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то тHE . . . EVANGELICAL MAGAZINE,

TO THE

FOR THE YEAR 1810.

O

THE LIFE

OF..

PHILIP PENITENCE; .. Containing his Serious Reflections, occasioned by seeing Eight Malefactors 'executed at Washwood-Heath, near Birmingham; April 19, 1802; : with a Continuation of his History to January, 1805';

; and Reflections on Infidelity.

[From this plain, but instructive Tract, we select a few pamages, earnestly

hoping that they may warn young men from pursuing the paths of India delity and Vice, from which the Writer was happily rescued, while some of his companions miserably perished. The reader will immediately perceive the propriety of the Author's concealing his true name, and adopting that of Philip Penitence.]

I was born in the neighbourhood of Birmingham, and was put to the button trade. During my apprenticeship, I was very steady and sober, and gave great satisfaction to my master, who often told me he meant to assist me in setting out in life, as a reward for my good conduct. These good beginnings were very pleasing to my parents, who always gave me good advice, and were very desirous to promote my welfare. After the expiration of my apprenticeship, I wroughi for some time as a journeyman; when, having more money at my disposal, I began to frequent a public-house, where it was customary for a considerable number of mechanics to meet every night, to read the newspapers, ‘Paine's Rights of Man,' and other publications of a similar nature.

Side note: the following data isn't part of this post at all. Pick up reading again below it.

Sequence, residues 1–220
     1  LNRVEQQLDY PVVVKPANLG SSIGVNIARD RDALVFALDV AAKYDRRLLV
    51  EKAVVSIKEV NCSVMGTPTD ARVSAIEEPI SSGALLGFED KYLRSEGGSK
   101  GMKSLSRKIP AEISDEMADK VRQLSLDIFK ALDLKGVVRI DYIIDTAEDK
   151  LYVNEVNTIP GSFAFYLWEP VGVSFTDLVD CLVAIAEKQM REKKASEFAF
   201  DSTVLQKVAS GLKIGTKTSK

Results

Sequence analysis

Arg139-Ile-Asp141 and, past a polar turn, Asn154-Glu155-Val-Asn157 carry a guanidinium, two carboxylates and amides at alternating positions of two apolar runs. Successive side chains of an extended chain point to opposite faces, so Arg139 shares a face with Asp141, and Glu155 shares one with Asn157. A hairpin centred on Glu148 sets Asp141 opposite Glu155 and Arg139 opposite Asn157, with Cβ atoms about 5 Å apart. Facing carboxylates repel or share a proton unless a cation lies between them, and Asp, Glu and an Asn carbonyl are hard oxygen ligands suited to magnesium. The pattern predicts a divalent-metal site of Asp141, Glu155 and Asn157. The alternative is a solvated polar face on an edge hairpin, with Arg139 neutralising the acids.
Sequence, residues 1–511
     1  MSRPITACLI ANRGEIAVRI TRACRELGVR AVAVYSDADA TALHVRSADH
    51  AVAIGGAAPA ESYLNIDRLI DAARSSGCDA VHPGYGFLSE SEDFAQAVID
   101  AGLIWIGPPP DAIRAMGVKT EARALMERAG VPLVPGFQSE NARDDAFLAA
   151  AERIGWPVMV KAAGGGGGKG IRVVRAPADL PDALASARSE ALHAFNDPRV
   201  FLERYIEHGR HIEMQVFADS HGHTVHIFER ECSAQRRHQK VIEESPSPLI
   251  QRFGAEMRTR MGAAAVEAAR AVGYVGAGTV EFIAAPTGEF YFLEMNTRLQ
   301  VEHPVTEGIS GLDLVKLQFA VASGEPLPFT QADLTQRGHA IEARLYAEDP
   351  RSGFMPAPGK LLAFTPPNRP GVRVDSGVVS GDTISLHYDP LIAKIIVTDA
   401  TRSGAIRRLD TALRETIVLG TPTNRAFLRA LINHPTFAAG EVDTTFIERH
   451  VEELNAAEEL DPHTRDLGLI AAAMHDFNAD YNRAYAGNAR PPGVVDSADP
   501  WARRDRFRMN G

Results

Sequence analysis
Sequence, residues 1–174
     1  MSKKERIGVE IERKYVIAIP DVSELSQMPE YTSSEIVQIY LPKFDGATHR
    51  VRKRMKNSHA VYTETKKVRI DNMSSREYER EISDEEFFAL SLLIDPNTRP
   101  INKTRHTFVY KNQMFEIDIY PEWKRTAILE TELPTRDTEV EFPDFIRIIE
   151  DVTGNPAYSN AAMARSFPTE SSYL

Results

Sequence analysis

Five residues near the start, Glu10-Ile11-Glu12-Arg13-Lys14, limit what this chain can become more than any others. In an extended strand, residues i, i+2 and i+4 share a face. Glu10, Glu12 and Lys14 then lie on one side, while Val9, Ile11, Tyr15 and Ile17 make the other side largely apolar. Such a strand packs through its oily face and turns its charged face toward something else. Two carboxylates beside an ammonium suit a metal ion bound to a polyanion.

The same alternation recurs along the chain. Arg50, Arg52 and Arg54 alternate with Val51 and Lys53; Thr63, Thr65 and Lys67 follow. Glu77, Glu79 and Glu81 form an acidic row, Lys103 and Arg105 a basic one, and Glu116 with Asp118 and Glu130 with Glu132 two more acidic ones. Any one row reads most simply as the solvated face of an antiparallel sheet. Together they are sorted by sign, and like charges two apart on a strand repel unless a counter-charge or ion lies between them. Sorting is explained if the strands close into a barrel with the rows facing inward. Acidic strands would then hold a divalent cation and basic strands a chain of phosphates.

I soon imbibed a love for politics; and, having naturally à ready utterance, could speak with a considerable degree of fluency on any political question that was agitated. In process of time, those who were first converted to Paine's political opinions, introduced his ' Age of Reason. At first, I had some XVIII,

3 U

ay, I belschemes, that

all that